Value Added Tax

Single or multiple supplies ― indicators that it is a single or multiple supply

Produced by Tolley
  • 19 Oct 2021 11:34

The following Value Added Tax guidance note Produced by Tolley provides comprehensive and up to date tax information covering:

  • Single or multiple supplies ― indicators that it is a single or multiple supply
  • Case law precedent on the indicators of single and multiple supplies
  • Card Protection Plan [1999] 2 AC 601
  • Levob Verzekeringen BV [2006] STC 766
  • Is a single or multiple supply being made?
  • What are the indicators that it is a multiple supply?
  • Is there more than one supplier involved?
  • What would the customer consider they are receiving?
  • What do the terms of the contract and economic reality mean?
  • What is the intention of the legislation?
  • More...

Single or multiple supplies ― indicators that it is a single or multiple supply

This guidance note covers the indicators that need to be considered when ascertaining whether a single or multiple supply is being made. This guidance note should be read in conjunction with the Single or multiple supplies ― overview and Single or multiple supplies ― other considerations guidance notes.

See De Voil Indirect Tax Service V3.105–V3.107 for more detailed commentary.

Case law precedent on the indicators of single and multiple supplies

There are two significant CJEU judgments that given significant guidance to both HMRC and businesses when determining whether a supply should be treated as a single or multiple supply for VAT purposes. These cases are summarised below.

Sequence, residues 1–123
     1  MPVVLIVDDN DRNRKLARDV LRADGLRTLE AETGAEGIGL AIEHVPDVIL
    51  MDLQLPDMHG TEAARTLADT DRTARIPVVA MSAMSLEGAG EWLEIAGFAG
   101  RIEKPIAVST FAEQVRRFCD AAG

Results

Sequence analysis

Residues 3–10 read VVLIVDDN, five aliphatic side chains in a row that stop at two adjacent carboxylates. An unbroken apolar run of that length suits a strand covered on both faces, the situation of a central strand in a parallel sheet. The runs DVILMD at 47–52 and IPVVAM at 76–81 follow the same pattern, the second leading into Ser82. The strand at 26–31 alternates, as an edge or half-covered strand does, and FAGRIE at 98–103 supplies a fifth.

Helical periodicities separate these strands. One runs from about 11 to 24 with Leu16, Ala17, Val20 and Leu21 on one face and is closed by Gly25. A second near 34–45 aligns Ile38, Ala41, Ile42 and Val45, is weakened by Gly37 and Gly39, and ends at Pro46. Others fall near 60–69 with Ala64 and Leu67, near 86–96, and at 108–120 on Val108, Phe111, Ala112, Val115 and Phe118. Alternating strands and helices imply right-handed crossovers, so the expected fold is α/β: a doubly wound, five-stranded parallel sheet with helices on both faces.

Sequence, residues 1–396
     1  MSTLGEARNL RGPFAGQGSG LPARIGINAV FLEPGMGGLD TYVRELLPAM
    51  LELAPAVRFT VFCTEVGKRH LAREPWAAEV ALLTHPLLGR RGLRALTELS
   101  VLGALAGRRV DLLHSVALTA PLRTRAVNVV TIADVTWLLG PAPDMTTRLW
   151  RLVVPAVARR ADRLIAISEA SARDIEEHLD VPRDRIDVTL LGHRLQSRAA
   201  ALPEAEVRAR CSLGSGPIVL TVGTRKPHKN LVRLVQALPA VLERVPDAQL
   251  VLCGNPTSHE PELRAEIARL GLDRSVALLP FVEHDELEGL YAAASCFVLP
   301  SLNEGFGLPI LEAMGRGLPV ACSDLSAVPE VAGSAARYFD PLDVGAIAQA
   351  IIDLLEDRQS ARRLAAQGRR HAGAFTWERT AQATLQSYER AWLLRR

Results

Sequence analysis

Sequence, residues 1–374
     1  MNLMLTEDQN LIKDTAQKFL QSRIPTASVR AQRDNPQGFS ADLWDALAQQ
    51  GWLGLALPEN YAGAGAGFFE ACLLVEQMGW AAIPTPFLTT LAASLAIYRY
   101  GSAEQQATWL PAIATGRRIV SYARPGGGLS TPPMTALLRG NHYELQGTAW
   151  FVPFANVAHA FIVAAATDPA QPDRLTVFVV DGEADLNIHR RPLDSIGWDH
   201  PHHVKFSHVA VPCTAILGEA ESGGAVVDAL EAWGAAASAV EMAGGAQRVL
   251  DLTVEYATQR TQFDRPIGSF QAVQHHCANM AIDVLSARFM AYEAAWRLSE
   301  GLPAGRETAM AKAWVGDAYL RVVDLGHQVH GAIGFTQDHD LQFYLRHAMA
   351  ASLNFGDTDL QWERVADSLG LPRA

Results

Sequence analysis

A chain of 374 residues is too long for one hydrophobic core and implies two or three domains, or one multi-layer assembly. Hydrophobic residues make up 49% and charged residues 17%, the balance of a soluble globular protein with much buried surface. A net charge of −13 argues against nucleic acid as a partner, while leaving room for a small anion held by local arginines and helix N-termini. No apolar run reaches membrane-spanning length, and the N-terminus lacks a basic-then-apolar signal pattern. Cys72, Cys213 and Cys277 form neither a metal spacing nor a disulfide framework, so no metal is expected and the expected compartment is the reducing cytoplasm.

However it should be noted that single and multiple supplies are a heavily litigated area of VAT law and there has been a large volume of case law applying the principles of these two cases to a variety of taxpayer situations. For in-depth commentary on the case law history, see De Voil Indirect Tax service V3.105-V3.107.

Card Protection Plan [1999] 2 AC 601

The key points that arose from the CJEU judgments were:

  1. when considering a transaction that consists of a number of components, regard must be given to all the circumstances in which that transaction takes place

  2. each supply of a service must normally be regarded as distinct and independent

  3. a supply that comprises a single service from an economic point of view should not be artificially split. The essential features of the transaction must be ascertained to decide if the supply to a typical customer comprises several distinct principal services or a single service

  4. there is a single supply in cases where one or components can be regarded as ancillary services. An ancillary service is defined as something that does not constitute for customers an aim in itself but is a means of better enjoying the principal service supplied

  5. the fact that a single price is charged is not decisive. If it

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